Giving Back: Chuck Slosser

Chuck Slosser (courtesy photo)

Chuck Slosser (courtesy photo)

With the same engaging grin and focused attention that have pried philanthropic purse strings loose since he came to town in 1981, Chuck Slosser says he’s excited to tackle retirement after 18 years as executive director of the Santa Barbara Foundation.

What an amazing ride it has been. When Slosser, now 66 took the helm of the Santa Barbara Foundation–Santa Barbara County’s largest private source of funding for nonprofit programs–it had a staff of three, roughly $30 million in assets, and was giving out a few million in scholarships and grants a year.

Compare that to today’s foundation–under Slosser’s leadership, it now has a staff of 23, more than $300 million in assets, and donates about $27 million each year. He’s justifiably proud, but still ready for a slower pace, saying, “I thoroughly enjoyed the foundation and the work that we’ve done here and the great things that have happened in the community as a result. I’ve never objected to the 9 to 5, but it’s really the 5 to 9.”

Slosser and his wife of almost 38 years, Stephanie, who retired from UC Santa Barbara’s biology department three years ago, plan to travel, play golf and do yoga. He’s also interested in playing more basketball (he’s got a regular game at the Boys and Girls Club), taking Spanish lessons, picking up a guitar and a dissertation that have been collecting dust, and perhaps doing some consulting. He smiles. “I really do feel like a kid in a candy store. I want to do that, and I want to do that, and I can’t wait.”

Clearly, Slosser is a man with many interests, which is why the diverse Santa Barbara Foundation was “a dream job come true.” With an infinite variety of grant recipients–Music Academy of the West, Page Youth Center, Special Olympics, Council on Alcoholism & Drug Abuse, Santa Barbara Neighborhood Clinics, Red Cross, St. Vincent’s, Legal Aid, Transition House, Girls Inc. and Wildlife Care Network, to name a few — the foundation was a perfect place for this Renaissance man.

Originally published in Santa Barbara Magazine in January 2009.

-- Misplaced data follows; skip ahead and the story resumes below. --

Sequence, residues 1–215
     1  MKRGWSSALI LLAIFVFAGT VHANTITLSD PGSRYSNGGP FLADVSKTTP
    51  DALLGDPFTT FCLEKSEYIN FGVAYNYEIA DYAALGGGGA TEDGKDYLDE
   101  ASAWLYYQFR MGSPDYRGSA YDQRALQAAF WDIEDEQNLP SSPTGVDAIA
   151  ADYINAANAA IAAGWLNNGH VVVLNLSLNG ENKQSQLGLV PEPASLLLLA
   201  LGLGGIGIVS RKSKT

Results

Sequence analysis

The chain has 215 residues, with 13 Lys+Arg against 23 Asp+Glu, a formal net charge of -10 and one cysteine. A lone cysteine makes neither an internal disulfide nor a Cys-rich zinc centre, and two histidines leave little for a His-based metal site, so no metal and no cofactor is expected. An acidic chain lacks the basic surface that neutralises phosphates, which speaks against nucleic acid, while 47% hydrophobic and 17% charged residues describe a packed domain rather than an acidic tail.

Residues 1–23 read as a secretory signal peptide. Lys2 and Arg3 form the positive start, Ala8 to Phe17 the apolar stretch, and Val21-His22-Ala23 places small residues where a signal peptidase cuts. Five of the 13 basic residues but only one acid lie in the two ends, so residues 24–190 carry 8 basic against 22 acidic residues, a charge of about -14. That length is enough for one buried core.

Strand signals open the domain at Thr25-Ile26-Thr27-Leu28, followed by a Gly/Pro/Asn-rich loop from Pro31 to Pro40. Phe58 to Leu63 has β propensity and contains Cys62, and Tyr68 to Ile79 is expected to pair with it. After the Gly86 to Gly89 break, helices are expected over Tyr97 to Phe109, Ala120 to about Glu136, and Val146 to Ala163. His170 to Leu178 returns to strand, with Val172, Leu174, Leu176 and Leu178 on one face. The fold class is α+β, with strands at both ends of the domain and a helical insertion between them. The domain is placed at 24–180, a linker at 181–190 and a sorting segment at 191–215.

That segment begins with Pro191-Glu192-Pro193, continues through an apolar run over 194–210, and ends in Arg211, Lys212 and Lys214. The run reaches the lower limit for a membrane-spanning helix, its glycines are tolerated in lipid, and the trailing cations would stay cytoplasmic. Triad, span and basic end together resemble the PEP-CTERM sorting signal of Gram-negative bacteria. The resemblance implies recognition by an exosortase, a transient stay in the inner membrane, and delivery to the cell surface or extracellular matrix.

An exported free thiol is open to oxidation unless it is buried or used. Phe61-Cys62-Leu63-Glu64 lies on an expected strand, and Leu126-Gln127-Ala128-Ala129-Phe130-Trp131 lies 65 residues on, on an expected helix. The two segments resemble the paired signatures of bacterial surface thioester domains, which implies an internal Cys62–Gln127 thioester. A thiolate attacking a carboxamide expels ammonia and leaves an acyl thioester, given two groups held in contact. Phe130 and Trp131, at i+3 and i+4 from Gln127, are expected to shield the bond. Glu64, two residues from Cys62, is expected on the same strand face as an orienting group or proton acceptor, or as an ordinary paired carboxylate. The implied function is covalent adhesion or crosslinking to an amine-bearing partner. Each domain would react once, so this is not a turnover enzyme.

St. Vincent’s project gets $6.7 million more

The Sisters of Mercy had their prayers answered on Tuesday, when the City of Santa Barbara approved an additional $6.7 million in redevelopment funds for St. Vincent’s housing project, which will provide 170 affordable units (95 designated for low-income seniors and 75 for low-income families) on the site at 4200 Calle Real.

Housing and Redevelopment Manager Dave Gustafson described the project as a precedent setting joint effort of the Redevelopment Agency, the county and the city. This is by far the largest affordable housing project these groups have ever undertaken, with a total cost estimate of $50 million, $11 million of which will come from Federal HUD funds.

Approximately $10 million will be dedicated to infrastructure and area upgrades near the project site, which the city annexed from the county specifically for development of the St. Vincent’s project. The developers will make improvements to the nearby Cieneguitas Creek, including bank stabilization, habitat restoration and enhanced public access with a new bridge. There will also be new roads, extensive grading, streetlights, sidewalks, utilities, drainage, landscaping and a bike and pedestrian path put in along Highway 154, which borders the project on the east.

A primary factor in the increased cost of the St. Vincent’s project is a worldwide increase in the cost of steel. This has also been a driver in cost overrun estimates for the Granada Parking Garage project.

While the City Council voted unanimously to approve the increased funding (with Roger Horton absent), it was not without expressing some concerns about the cost and the implications for funding of future redevelopment projects.

“I’m thrilled this is happening. I’m not so thrilled steel is going up,” said Mayor Marty Blum.

“This is a great project. But these are staggering numbers,” said Councilwoman Iya Falcone.

Construction on the project will begin this summer. Housing Developer Benjamin Phillips said he is hoping residents can begin moving in within two years.

“From the very beginning, there’s been a profound and palpable commitment from the city to make this happen,” said Sister Amy Bayley. “It’s been a source of encouragement and inspiration to us. The citizens of Santa Barbara should be very proud.”

Originally published in South Coast Beacon on May 20, 2004.